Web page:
Managing Buyer Repair Requests to Buy a Home in Elk Grove

Managing buyer repair requests

Managing buyer repair requests is an art form. I can always spot that experienced buyer’s agent who invests the time to educate her buyers. It’s as plain as day. Some buyer’s agents simply take orders from their buyers. Don’t know why. Who is the professional and who is the client? I suspect some agents don’t know the answer to that question, so they allow their insecurities to bubble, to thrive and to rule. Agents don’t want to tell a buyer to back off or calm down or listen to reason, not in those words, of course. They want to be a buddy. And that’s the problem.

If an agent can’t find a way to explain to a client why the buyer’s chosen plan of action is harmful and a really bad idea, then how is a buyer’s agent representing that client? What kind of service is that? I tell you what it is. It’s called lip service, for some of you younger guys. Lip service is a disservice. Just like agreeing for the sake of harmony when the agent knows it is wrong. The best way to engage in managing buyer repair requests is to have a conversation with the buyer prior to inspections. To review other types of inspections and to prepare the buyer for the inevitable: The fact their dream home has things wrong with it and damages the seller might not fix.

This is never time “wasted” on behalf of the buyer’s agent. Yet so few set aside time to discuss aspects of the transaction with their clients.

I’ll give you a case in point. Yesterday, I closed a listing in Elk Grove. A sale which I sold twice and got paid once. Nobody likes to do that, albeit it is less work for me than the poor buyer’s agent who now has to hit the street to show more property or, worse, lost a client over it. In this scenario, a buyer’s agent begged me to show compassion toward his buyers. The agent made a plethora of promises he ultimately could not keep. When I hear from that agent in the future, I shall no longer hold a high opinion of that agent. The opposite. He lied. Repeatedly.

— Which is unacceptable in my book. Other agents say, hey, we all huff and puff and fluff, get over it. But, no. We all don’t huff and puff and fluff. —

After promising his buyer would purchase AS IS, he sent the sellers a 14-item request for repairs. It included things like replace all the fixtures and faucets in the house, replace the siding, install new windows. Crazy-ass stuff. The one thing he should have focused on was replacing the leaking water heater and he might have closed. Focusing on one major item is a sign of a smart agent. But no, they tend to get caught up in drama.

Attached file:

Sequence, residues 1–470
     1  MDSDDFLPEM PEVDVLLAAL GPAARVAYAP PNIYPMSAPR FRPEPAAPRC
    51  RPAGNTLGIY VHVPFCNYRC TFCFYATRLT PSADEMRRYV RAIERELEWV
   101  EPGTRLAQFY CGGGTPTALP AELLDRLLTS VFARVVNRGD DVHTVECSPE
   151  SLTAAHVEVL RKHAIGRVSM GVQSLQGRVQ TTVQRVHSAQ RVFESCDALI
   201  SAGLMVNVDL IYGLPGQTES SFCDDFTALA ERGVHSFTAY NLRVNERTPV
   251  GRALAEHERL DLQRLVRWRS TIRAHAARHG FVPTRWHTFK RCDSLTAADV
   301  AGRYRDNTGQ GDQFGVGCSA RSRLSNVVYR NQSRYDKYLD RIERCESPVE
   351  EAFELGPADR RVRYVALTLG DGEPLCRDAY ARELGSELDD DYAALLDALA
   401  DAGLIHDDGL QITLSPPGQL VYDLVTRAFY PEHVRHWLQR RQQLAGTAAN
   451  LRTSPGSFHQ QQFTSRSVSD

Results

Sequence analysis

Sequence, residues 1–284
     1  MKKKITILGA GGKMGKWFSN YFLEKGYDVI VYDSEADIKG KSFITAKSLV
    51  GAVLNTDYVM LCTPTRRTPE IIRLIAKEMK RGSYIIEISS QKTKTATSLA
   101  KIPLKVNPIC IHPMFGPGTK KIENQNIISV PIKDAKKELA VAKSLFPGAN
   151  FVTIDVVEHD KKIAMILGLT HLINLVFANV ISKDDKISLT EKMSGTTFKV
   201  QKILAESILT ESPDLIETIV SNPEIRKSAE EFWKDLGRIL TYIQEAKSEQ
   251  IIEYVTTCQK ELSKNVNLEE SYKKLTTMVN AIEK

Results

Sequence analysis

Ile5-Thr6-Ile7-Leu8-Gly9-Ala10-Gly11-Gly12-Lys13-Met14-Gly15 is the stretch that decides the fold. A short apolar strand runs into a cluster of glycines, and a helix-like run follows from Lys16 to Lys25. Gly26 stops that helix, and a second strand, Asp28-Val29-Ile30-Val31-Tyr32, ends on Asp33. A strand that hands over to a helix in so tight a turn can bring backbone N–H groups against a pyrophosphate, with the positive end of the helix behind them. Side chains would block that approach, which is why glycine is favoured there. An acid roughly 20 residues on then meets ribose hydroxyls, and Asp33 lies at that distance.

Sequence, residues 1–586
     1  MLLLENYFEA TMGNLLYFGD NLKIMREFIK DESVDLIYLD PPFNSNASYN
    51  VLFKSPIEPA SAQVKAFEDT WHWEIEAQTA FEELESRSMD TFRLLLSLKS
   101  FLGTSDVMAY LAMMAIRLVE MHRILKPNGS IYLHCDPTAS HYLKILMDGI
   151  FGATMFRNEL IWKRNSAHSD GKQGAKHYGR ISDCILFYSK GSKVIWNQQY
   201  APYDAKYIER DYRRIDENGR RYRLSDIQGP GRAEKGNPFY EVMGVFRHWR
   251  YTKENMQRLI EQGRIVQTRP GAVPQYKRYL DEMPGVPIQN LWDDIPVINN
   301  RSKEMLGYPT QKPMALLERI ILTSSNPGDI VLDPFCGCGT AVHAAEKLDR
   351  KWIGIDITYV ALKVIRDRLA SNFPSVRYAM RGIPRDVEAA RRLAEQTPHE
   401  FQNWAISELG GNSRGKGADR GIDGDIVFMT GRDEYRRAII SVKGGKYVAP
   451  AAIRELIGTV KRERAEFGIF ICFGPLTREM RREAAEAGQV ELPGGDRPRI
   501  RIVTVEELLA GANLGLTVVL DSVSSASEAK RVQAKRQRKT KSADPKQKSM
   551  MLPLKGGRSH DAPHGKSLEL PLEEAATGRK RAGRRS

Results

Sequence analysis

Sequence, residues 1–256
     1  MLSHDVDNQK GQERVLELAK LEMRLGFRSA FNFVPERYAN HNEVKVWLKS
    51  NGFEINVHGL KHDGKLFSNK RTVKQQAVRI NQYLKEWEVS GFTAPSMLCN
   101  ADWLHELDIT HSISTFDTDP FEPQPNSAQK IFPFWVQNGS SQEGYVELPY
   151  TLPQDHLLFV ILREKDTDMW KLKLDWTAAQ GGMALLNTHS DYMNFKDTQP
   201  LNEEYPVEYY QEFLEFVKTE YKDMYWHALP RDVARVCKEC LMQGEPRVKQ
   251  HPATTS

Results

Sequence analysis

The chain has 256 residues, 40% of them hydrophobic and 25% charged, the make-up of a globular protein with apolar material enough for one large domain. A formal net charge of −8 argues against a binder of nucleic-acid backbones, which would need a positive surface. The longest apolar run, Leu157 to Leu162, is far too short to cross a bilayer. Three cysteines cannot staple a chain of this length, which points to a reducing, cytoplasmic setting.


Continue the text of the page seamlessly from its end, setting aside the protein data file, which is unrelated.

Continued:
I tell sellers not to do repairs after they get a home inspection. But they take it personally. They actually want to fix broken things. It’s hard to get them to back off and wait for a request. Because what they think a buyer will want fixed and what a buyer really wants are two completely different viewpoints. No sense fixing stuff the buyer doesn’t care about. No two buyers are ever the same. After the existing buyers canceled, we found another buyer right away. Of course, this new buyer did not care at all about the home inspection. Just like I said. Those buyers had an agent who was adept at managing buyer repair requests.

Also, in this particular transaction, when our winning offer arrived, we already had a counter offer out to another buyer. That buyer was slow to respond. His agent did not appear overly motivated, either. While that counter offer was out and awaiting buyer approval, we received the offer we really wanted. Bay area buyer. Cash. $5K over. So we sent the second buyer a withdrawal of offer, withdrew that counter offer, and accepted the offer we preferred.

The sellers had already decided at that point to replace the water heater. It was expensive. Cost $1,400 to replace a 40-gallon water heater. Yikes. For that price, one may as well go tankless, but I digress. Last water heater I helped a seller replace was $750. Only a few years ago. However, these particular buyers had paid for a pest report. The first set of buyers did not. See? They don’t always get a pest. The pest showed $7,500 of Section 1 work, plus more for Section 2.

We had bumped up the sales price by $5,000, so we reduced it by $5,000, which made the sellers even. Even Steven. No pest work, and we closed with a cash offer. 9089 Paseo Grande Way, Elk Grove, CA 95758 closed escrow on September 12, 2018 at $339,999.

Elizabeth Weintraub

 

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